As far as the feds are considered, your company has a policy, it just might not be valid under federal rules. The general rule is that the feds cannot dock for partial days not worked, UNLESS a valid leave plan is in place. No one on this website can tell you if federal DOL-WHD considers the policy valid. If someone was trying to write a valid policy they managed to miss all of the key points.
                    Thank you, this is helpful information. We definitely have no PTO accrual at all. What I quoted you is the only "policy" we have in writing regarding PTO and this is located in the employee handbook that everyone signs.

                    I'm pretty sure leave is mentioned in the handbook as well but didn't look at it as I wasn't aware that it had any bearing on whether they could dock my pay for if I took vacation. I will take a look and post specifics about leave tomorrow.

                    What do you recommend I do? Call the California Labor Commissioners office and run my scenario by them to see what I can do?

                    Comment


                    • #11
                      Originally posted by SDSurfer View Post
                      Thank you, this is helpful information. We definitely have no PTO accrual at all. What I quoted you is the only "policy" we have in writing regarding PTO and this is located in the employee handbook that everyone signs.

                      I'm pretty sure leave is mentioned in the handbook as well but didn't look at it as I wasn't aware that it had any bearing on whether they could dock my pay for if I took vacation. I will take a look and post specifics about leave tomorrow.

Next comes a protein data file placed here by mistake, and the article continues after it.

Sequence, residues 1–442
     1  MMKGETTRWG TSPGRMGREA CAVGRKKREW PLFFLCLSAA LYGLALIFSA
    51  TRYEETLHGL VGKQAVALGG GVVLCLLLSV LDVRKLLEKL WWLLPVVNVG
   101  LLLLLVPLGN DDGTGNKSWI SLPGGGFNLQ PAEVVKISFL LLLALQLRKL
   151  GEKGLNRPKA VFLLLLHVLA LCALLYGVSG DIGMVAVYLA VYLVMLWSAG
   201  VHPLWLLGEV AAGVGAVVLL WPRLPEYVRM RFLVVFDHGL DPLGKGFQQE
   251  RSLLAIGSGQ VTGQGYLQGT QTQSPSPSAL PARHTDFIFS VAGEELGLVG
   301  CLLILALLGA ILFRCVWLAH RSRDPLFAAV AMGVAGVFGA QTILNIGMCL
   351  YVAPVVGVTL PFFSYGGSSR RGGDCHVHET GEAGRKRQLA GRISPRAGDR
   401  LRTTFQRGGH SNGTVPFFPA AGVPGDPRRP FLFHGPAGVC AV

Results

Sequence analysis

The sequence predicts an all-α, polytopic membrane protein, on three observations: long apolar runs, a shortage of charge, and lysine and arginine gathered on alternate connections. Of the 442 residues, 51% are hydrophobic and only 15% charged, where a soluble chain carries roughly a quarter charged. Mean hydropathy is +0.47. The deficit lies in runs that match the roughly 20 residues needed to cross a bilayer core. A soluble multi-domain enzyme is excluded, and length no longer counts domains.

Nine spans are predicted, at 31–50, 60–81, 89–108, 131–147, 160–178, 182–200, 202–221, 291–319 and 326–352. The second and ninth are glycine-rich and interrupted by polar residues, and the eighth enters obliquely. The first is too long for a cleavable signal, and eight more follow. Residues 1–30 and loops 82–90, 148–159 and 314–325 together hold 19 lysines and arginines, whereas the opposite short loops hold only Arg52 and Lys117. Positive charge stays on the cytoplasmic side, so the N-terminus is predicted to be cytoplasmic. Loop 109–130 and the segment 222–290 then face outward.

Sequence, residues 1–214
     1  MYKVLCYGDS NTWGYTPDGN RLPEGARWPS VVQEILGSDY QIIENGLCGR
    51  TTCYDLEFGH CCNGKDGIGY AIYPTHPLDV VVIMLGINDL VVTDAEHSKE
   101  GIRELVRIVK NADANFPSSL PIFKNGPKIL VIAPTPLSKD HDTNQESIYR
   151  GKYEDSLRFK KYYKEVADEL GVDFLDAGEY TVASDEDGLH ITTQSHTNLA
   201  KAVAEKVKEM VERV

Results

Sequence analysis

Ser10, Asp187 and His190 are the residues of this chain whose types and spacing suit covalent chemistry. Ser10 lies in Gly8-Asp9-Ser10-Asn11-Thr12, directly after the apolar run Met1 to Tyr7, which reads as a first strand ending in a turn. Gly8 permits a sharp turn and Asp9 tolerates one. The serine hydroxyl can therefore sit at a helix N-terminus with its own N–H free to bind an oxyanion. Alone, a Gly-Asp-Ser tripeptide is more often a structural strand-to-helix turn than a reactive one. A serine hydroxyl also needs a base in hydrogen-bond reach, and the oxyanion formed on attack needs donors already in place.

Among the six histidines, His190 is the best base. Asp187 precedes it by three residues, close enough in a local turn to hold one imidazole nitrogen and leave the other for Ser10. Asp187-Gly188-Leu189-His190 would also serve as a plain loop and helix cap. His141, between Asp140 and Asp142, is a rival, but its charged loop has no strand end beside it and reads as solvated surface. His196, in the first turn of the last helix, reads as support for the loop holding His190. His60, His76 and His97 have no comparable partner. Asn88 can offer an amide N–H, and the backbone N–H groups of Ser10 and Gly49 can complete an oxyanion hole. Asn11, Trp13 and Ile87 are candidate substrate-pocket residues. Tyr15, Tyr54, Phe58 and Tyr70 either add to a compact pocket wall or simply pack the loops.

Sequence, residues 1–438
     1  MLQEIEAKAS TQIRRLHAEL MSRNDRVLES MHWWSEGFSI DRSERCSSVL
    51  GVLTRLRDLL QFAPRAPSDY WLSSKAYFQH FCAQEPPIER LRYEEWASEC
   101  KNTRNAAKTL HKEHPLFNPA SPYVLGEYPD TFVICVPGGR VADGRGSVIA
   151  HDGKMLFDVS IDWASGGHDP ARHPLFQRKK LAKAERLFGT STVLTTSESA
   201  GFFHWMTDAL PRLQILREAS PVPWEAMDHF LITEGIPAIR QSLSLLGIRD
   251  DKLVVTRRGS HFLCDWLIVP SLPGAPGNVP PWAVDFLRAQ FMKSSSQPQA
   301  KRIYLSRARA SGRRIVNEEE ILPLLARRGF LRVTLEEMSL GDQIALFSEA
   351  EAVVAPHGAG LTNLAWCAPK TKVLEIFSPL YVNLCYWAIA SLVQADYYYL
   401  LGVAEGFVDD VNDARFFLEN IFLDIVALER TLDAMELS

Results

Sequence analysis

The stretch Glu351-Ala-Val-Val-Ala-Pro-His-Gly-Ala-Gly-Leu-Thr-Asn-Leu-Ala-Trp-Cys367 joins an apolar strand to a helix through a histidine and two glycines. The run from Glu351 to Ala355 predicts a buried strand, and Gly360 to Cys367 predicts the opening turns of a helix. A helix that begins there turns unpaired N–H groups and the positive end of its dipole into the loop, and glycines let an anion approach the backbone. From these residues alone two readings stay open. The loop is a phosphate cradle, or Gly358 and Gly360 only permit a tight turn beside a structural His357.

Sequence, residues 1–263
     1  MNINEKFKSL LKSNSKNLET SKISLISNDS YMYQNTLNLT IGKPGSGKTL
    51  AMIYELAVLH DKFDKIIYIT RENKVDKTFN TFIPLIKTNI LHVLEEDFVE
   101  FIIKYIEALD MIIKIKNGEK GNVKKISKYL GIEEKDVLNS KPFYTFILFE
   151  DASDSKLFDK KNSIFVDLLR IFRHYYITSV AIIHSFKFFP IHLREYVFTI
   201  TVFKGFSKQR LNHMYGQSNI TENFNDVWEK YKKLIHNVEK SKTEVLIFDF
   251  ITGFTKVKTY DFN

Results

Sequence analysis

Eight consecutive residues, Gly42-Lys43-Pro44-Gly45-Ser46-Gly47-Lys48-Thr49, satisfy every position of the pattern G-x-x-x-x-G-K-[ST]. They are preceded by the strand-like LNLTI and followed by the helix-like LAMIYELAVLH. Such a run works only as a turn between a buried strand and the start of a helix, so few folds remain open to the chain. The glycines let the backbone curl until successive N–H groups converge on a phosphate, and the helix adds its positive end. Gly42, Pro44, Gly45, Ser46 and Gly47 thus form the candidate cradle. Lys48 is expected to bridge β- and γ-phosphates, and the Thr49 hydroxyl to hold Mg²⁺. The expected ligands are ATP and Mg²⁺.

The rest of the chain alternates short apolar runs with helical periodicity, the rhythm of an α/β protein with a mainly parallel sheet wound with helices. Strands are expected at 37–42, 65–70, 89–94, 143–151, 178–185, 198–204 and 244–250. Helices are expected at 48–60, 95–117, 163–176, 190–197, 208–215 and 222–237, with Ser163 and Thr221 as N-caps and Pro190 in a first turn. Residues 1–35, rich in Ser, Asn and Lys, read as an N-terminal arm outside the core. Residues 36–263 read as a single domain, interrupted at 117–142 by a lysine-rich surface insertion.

What do you recommend I do? Call the California Labor Commissioners office and run my scenario by them to see what I can do?
                      State labor departments will not give you a definite answer so even if the person on the other end of the phone agrees with you, you will still have no proof and a fight on your hands.

                      I understand the company has treated you poorly but it sounds like your vacation won't be relaxing if you have to make sure you are checking email or approving time off. Not to mention all the planning about the timing of you are giving notice and how you are giving notice.

                      Then when you return you will need to file a claim with the state labor board and let it work its way through the system. There will be paperwork, probably a phone call or two before a decision is reached.

                      Sometimes it is better for your peace of mind to cut your losses and drop it.

                      Comment


                      • #12
                        Originally posted by HRinMA View Post
                        State labor departments will not give you a definite answer so even if the person on the other end of the phone agrees with you, you will still have no proof and a fight on your hands.

                        I understand the company has treated you poorly but it sounds like your vacation won't be relaxing if you have to make sure you are checking email or approving time off. Not to mention all the planning about the timing of you are giving notice and how you are giving notice.

                        Then when you return you will need to file a claim with the state labor board and let it work its way through the system. There will be paperwork, probably a phone call or two before a decision is reached.

                        Sometimes it is better for your peace of mind to cut your losses and drop it.
                        I hear you, and before I read my handbook I was thinking the same thing.